Examining Old School Anime: Sin and Humanity

Man and sin are, as it were, two distinct things.  What savors of man, God made; what savors of the sinner, man made himself.  Destroy what man has made so that God may save what He has made.

-St. Augustine

Kagawa-san

The above quote recurs in my mind as I consider several stories, from The Revenant to Werewolf Cop to Akame ga Kiru to, most recently, Cat’s Eye.  Cat’s Eye happens to be a rather random choice of an anime for Crunchyroll to have added to their site.  Before seeing it on that site, I had never heard of this 80’s anime.  A visiting friend of mine picked it out for us to watch precisely for its 80’s-ness, and I found it good enough to continue watching afterwards.  The animation portrays the proportions of the human body with that attention to detail rarely found outside of that decade, the songs have a pleasantly upbeat quality, and the episodes are plain fun.  Our tale features three sisters who run a cafe by day and steal precious artwork by night, doing both activities under the name Cat’s Eye.  They claim to steal in order to take back their father’s legacy and have no qualms about gleaning information from the middle sister’s, Hitomi’s, boyfriend, who works as the chief detective in charge of apprehending Cat’s Eye.  They claim to have good reasons for resorting to theft, but this hardly excuses them, unless the anime explains more fully how they are under necessity and without a legal resource.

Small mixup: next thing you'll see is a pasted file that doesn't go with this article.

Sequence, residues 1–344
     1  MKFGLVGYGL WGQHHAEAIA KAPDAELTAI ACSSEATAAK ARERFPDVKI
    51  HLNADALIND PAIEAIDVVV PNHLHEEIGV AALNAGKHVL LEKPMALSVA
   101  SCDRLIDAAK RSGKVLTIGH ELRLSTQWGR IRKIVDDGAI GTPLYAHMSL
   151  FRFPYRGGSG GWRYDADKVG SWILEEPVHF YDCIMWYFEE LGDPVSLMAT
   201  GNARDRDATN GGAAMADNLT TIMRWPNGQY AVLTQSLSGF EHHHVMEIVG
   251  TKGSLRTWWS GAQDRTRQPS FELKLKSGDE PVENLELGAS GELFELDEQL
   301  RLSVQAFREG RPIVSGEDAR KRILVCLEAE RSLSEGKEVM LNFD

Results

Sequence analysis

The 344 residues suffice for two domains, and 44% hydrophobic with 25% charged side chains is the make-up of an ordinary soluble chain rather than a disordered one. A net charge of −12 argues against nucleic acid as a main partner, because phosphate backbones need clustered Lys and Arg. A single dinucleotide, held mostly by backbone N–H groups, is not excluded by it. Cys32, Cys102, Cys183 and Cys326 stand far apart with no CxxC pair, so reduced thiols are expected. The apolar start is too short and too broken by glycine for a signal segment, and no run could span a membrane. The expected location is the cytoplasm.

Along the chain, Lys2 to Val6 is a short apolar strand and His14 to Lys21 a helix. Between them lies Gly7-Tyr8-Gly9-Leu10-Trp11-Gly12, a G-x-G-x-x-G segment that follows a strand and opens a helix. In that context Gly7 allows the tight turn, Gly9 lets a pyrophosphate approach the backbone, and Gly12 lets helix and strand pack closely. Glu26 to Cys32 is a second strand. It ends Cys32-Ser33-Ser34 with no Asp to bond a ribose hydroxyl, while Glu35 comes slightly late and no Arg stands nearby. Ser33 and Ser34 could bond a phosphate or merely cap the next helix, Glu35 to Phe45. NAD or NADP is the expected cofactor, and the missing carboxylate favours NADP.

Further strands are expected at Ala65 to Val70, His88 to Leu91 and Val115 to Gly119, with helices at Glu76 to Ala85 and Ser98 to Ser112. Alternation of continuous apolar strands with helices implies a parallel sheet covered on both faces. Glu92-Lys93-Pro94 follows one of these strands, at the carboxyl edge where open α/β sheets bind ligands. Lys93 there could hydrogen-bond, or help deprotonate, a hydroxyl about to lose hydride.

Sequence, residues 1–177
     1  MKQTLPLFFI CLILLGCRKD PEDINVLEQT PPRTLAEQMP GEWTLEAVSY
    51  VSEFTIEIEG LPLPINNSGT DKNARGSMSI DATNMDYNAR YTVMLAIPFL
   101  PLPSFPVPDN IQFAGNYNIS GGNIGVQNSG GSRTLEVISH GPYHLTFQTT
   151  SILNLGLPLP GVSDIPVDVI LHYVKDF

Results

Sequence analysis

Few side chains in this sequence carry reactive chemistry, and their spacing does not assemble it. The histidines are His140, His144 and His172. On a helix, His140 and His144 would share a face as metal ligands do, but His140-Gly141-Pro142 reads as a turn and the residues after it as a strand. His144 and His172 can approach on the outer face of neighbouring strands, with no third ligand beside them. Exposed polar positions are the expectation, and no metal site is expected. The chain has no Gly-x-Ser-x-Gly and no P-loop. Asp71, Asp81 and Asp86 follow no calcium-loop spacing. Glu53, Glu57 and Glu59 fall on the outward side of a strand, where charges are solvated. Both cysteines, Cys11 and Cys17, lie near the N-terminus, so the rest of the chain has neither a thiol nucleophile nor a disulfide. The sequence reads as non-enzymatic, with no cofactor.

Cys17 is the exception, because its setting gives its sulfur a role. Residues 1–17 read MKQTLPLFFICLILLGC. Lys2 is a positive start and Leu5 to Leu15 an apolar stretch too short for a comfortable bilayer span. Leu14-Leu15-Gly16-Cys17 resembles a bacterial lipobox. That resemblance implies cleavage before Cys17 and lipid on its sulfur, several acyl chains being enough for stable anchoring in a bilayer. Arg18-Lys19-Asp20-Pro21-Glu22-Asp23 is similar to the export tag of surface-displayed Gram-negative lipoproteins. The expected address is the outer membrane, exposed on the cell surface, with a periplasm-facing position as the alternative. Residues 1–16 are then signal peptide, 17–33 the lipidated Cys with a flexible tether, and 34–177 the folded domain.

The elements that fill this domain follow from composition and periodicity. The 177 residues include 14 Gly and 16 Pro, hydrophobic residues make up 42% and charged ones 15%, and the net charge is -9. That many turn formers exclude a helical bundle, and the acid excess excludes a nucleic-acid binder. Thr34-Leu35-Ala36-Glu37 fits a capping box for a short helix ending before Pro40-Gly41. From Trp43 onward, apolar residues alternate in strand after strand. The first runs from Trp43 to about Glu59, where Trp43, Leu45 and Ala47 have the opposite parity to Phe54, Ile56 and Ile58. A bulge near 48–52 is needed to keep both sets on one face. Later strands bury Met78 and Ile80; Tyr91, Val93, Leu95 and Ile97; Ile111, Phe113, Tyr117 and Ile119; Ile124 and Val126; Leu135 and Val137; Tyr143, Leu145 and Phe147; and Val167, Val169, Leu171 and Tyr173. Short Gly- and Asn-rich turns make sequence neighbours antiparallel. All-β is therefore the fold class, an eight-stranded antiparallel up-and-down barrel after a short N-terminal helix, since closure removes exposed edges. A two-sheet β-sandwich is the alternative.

Rui to Hitomi